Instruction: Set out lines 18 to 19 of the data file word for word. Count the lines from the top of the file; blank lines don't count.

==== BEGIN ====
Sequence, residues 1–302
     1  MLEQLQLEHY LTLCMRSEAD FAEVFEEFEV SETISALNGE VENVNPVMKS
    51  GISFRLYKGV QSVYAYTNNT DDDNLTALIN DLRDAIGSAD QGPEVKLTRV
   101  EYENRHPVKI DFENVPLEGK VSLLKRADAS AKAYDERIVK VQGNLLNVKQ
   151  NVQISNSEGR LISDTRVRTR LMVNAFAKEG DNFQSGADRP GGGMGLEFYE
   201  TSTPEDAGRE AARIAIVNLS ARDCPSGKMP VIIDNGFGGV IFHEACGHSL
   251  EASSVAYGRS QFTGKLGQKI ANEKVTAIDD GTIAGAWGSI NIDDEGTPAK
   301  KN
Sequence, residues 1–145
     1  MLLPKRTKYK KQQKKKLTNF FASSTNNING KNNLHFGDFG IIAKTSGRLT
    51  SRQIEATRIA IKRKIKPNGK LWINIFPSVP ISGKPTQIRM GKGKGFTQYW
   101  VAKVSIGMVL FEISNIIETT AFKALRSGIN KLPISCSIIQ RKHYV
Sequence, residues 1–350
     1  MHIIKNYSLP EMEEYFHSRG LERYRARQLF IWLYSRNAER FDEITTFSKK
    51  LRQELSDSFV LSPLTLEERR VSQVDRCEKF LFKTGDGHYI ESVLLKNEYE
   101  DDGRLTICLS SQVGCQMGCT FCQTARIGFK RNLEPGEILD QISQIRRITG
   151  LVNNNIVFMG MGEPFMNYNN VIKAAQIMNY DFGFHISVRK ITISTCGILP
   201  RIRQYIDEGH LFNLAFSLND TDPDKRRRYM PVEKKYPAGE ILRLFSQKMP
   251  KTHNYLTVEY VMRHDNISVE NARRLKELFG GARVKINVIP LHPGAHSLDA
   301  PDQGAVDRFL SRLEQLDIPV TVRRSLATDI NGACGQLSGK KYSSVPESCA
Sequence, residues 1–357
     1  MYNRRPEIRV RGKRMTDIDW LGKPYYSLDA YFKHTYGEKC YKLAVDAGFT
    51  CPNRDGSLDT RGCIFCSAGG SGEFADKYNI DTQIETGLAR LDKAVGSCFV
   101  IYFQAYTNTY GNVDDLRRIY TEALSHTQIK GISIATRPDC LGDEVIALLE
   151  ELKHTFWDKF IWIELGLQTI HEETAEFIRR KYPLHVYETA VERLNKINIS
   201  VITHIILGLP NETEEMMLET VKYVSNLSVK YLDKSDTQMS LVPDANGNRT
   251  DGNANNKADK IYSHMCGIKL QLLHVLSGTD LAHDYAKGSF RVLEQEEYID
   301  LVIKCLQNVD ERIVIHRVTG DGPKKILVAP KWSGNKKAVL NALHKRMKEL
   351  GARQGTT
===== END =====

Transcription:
   201  RIRQYIDEGH LFNLAFSLND TDPDKRRRYM PVEKKYPAGE ILRLFSQKMP
   251  KTHNYLTVEY VMRHDNISVE NARRLKELFG GARVKINVIP LHPGAHSLDA